One way or another, UND President Mark Kennedy is gone.
“You don’t have to go home, but you can’t stay here,” is a phrase I’m sure you’re familiar with if you’ve ever stayed until closing time at a bar. That’s pretty much where Kennedy is at. He may or may not get a new job in Colorado – he’s now seems to have the state’s governor as an opponent – but it’s pretty clear he can’t stay in North Dakota.
That bridge has been burned. My advice is to let Kennedy’s current contract, which expires in June of 2020, expire while UND searches for a new leader.
The question is, who should that new leader be?
Recently my colleague Mike McFeely suggested former U.S. Senator Heidi Heitkamp.
I suspect McFeely, as is often the case, wasn’t being serious. Still he chanced upon a suggestion worth taking seriously, even if he was just trying to troll North Dakota’s right-of-center public.
[mks_pullquote align=”right” width=”300″ size=”24″ bg_color=”#ffffff” txt_color=”#000000″]Heitkamp fits the mold of what we need at UND. Someone with North Dakota roots. Someone with some credibility built up with the public.[/mks_pullquote]
The role of campus president shouldn’t be an ideological one. It has disappointed me that so much of the opposition to Kennedy in Colorado has to do with his politics as a former Republican member of Congress. His poor job performance as a university president is the much more pertinent avenue for criticism.
Regardless, Heitkamp’s politics shouldn’t matter either. She could be a very effective leader for the University of North Dakota. If she’d be willing to take the job.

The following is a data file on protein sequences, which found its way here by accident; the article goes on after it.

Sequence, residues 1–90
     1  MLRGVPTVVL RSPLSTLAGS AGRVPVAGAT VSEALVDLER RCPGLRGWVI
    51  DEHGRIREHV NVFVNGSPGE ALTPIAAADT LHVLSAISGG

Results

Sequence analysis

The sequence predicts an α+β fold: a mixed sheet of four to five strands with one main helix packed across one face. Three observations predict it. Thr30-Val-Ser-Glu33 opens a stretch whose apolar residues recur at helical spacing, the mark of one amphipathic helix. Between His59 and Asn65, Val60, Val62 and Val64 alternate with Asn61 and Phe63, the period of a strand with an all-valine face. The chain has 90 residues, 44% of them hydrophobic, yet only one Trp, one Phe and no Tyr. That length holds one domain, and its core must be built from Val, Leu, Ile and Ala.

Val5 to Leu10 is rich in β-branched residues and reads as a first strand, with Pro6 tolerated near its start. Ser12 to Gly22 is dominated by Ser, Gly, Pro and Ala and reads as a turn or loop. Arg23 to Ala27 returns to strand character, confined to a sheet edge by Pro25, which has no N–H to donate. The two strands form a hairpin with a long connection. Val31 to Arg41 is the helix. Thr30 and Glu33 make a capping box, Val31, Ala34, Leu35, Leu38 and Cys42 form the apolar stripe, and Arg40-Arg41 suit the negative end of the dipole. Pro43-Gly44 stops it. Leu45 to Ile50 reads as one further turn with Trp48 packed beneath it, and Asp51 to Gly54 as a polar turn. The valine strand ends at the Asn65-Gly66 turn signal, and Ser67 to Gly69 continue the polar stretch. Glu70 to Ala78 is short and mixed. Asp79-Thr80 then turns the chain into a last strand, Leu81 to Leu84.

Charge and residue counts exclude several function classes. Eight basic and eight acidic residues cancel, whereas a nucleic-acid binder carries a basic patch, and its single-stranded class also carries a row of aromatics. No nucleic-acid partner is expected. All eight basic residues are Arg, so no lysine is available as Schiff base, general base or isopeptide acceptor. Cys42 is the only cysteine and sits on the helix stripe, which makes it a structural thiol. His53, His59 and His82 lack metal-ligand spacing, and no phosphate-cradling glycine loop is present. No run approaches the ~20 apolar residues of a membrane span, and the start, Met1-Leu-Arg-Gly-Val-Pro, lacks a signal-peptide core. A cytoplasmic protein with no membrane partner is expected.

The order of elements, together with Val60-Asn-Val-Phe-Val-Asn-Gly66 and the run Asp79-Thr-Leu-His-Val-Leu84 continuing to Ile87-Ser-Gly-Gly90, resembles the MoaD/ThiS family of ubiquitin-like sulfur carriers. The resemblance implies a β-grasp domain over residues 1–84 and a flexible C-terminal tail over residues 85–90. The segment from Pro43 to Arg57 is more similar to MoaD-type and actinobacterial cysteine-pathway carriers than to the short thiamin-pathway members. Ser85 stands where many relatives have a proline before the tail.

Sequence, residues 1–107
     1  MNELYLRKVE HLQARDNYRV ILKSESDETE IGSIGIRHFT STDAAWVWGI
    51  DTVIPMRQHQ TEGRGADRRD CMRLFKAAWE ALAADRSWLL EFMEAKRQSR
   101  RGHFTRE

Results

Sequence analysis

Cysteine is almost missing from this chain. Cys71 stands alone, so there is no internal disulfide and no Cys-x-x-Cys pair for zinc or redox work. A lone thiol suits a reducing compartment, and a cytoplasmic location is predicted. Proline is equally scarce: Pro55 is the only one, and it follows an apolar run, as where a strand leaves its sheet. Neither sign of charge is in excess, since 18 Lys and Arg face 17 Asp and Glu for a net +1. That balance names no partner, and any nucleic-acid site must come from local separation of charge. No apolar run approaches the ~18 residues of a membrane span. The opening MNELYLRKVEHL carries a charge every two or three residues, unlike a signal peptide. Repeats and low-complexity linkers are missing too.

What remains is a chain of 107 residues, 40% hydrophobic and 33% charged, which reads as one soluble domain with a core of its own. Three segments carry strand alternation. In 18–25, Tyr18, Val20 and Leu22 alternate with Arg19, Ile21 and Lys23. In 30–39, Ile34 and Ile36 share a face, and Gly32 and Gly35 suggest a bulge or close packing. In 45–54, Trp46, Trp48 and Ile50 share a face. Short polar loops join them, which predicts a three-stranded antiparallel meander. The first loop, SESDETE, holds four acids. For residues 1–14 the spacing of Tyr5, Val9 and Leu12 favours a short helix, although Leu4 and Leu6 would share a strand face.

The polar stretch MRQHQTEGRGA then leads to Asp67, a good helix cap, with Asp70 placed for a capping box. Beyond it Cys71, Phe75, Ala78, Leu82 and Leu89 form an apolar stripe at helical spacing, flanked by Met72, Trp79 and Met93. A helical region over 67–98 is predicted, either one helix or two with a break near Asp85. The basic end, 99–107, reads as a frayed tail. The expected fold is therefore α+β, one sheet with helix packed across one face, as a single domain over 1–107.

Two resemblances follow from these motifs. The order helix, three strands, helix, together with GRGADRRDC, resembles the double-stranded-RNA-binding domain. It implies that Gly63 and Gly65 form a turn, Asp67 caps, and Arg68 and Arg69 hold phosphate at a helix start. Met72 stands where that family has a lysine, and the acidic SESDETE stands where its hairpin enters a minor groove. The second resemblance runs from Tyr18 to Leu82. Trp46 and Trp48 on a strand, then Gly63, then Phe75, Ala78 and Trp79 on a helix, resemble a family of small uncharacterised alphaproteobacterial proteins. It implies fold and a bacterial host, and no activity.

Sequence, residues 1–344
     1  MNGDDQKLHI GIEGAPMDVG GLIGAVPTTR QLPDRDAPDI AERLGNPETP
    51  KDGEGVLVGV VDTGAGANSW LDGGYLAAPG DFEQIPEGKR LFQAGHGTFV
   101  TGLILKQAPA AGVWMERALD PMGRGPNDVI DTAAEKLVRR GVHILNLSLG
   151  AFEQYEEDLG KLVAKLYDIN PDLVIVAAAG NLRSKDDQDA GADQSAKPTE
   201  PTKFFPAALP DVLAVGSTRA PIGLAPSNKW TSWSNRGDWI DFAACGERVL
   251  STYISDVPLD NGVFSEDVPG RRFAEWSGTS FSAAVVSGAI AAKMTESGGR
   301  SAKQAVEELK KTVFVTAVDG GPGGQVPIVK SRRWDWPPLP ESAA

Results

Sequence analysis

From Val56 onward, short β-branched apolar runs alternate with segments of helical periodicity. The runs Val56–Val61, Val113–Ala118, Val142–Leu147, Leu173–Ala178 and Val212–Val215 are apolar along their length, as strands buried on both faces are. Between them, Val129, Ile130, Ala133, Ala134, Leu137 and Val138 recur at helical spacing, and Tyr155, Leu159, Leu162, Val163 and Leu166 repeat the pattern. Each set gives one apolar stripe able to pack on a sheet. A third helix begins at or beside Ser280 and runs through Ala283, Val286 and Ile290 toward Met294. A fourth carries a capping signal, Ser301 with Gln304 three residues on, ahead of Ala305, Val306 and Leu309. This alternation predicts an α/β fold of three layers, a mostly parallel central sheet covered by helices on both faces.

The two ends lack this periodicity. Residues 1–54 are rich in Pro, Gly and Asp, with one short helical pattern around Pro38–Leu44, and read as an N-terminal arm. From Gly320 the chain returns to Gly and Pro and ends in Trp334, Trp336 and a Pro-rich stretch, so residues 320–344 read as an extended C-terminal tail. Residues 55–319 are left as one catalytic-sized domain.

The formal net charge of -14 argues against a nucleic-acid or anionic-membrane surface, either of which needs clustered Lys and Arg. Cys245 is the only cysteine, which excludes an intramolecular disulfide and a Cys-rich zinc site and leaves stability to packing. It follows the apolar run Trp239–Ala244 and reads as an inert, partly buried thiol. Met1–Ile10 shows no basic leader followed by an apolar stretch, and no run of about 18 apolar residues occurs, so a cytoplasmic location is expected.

That’s no sure thing, of course. The salary for the UND gig is going to be around $350,000 per year, and Heitkamp is likely making far more than that in the private sector as a former Senator. She’s got a gig as a contributor at CNBC, and she’s taken a position hawking President Trump’s NAFTA-replacing trade deal (which she was lukewarm for, once upon a time) for a political action group.
I’m certain she has a lot of other opportunities available to her as well.
There are also fair questions to ask about Heitkamp’s competence as an organizational leader. Her re-election campaign pretty much fell apart down the stretch in 2018, plagued with numerous mistakes not the least of which was the accidental outing of sexual assault victims.
Heitkamp still hasn’t explained to the public how that one happened, by the way.
If the former Senator couldn’t manage a political campaign all that well, could she manage a large institution like UND?
Maybe she could.
I’d be willing to give her a shot, if the choice were up to me.
I’m not saying Heitkamp should get the job, mind you. The folks at UND should cast a wide net and bring in a lot of potential candidates. But Heitkamp fits the mold for what we need at UND.
Someone with North Dakota roots. Someone with some credibility built up with the public.
She could be the right choice.